http://www.developerfusion.com/show/2076

hope this helps

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Architecture for User behaviour tracking

by okujava In reply to Architecture for User beh ...

sorry, session tracking is not new (see above) and not sufficient to solve the problem. sorry

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Architecture for User behaviour tracking

by Java Guru In reply to Architecture for User beh ...

I am not completely sure of what you are trying to accomplish. It looks like you are basically trying to implement a system where you can determine the behavior of users on the sytem. Is that right?

User requests can be captured on the web server or the app server. The web server will get you aggregate data, while the app server will enable you to detail all of the requests made by individual users (if session tracking is enabled).

Tracking in the DB tier is possible, but it may not help you. All it will have will be the queries that your app server is generating. If it is a custom written web app, then you should know all of the possible queries that can generated for any particular URL request.

Here is the thing that makes it difficult. VOLUME. Here at TechRepublic, we once hired a company that went through all of our data and categorized users for us. I was not involved in the project, but I did hear some of the discussions involved in it.

One of the things thatwas mentioned was a change to the server request logs to include any user/parameter data that could be of importance. This is HUGE.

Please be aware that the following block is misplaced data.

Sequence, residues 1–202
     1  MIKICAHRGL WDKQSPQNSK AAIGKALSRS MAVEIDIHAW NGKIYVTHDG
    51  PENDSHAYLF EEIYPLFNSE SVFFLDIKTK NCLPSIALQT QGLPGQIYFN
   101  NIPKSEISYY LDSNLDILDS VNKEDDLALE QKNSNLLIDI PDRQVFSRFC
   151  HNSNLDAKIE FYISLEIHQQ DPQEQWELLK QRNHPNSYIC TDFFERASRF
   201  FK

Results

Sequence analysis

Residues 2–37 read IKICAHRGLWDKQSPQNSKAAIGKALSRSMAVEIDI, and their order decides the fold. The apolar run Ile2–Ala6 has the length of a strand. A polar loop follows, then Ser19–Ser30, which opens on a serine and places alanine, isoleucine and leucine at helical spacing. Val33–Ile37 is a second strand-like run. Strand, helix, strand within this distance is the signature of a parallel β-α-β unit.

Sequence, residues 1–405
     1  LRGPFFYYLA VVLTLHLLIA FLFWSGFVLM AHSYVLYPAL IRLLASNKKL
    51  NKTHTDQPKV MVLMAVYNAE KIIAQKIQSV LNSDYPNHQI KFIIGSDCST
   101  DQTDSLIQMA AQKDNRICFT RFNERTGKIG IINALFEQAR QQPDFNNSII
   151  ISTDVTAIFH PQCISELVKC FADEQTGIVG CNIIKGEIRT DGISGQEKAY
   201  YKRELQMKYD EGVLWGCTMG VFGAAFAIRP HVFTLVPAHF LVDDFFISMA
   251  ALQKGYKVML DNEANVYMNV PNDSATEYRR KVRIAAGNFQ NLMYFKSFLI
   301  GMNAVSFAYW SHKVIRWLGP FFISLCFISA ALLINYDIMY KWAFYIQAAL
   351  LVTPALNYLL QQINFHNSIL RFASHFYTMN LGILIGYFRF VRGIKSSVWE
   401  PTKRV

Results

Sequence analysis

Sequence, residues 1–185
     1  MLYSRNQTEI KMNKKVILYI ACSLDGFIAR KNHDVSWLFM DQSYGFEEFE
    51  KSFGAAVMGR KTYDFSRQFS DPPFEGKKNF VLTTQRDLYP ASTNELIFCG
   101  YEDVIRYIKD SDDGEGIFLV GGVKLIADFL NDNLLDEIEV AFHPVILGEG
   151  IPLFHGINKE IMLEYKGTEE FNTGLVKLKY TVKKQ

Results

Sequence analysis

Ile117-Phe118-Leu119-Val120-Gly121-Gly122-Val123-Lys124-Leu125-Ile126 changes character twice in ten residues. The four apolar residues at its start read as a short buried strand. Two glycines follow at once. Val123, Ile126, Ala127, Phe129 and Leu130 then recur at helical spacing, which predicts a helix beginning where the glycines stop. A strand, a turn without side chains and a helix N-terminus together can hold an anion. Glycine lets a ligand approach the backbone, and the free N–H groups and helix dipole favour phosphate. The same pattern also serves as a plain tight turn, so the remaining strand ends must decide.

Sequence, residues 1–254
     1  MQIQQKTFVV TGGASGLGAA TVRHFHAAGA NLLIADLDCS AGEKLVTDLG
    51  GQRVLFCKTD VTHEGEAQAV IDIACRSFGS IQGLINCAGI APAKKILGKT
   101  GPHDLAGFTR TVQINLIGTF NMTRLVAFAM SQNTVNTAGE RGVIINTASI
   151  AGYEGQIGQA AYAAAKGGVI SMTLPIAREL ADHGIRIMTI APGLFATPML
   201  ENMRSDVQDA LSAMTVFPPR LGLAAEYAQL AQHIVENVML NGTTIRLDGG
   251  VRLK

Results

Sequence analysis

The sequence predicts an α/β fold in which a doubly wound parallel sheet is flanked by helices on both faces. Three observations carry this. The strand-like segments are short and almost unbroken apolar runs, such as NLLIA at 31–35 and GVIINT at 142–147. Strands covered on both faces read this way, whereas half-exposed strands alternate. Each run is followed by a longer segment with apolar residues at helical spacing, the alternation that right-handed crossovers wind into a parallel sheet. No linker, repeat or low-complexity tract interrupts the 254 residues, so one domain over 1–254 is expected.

In the end, I am not sure it was worth the effort or the $$$ (IMHO).

For the most part, you can get a picture of what your users are doing by generating your own reports on your own request logs. This task is made much easier when related items are grouped by directory.

I am not sure if any of this is in the slightest bit helpful.

Some more information that would be useful in helping your problem would be:
types of user behavior that you anticipate
scale/clicks that are inticipated
more specifics on the architecture (user tier is?)


BTW, I would prever to stay away from RMI. If this is a real-time system for user interraction, then system logs would be much less of an inconvenience for your users (JMS is pretty nifty).

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Architecture for User behaviour tracking

by okujava In reply to Architecture for User beh ...

i know about the problem of huge data, but in such a project u can't avoid it. and rmi is already a part of the project. sorry

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Architecture for User behaviour tracking

by PENGUINSRULE In reply to Architecture for User beh ...

Well you won't like my answer, but I'm a VMS Bigot and I have to promote the OS. VMS supports Java on the Alpha platform, and it will on Itanium. OpenVMS and SecureVMS are the most secure operating systems in production, and are C2 and B2 compliant respectively. You can literally audit about anything you want to, you can audit particular devices, files, ports, anything - you can find out anything a user is doing with anything. NT/2000 is a *copy* of VMS, but not near as robust or secure at all, and UNIX security - (I'm laughing)..

I did answer your question because VMS will provide a solution to allow you to track everything, and according to DEFCON hacker conventions is not penetrable.

What else could you want?

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Architecture for User behaviour tracking

by okujava In reply to Architecture for User beh ...

Sorry, but it's not acceptable for me to let the system run only on one plattform.
I find your answer interesting, but it doesn't suite the question (java technology).

cheers

s.okujava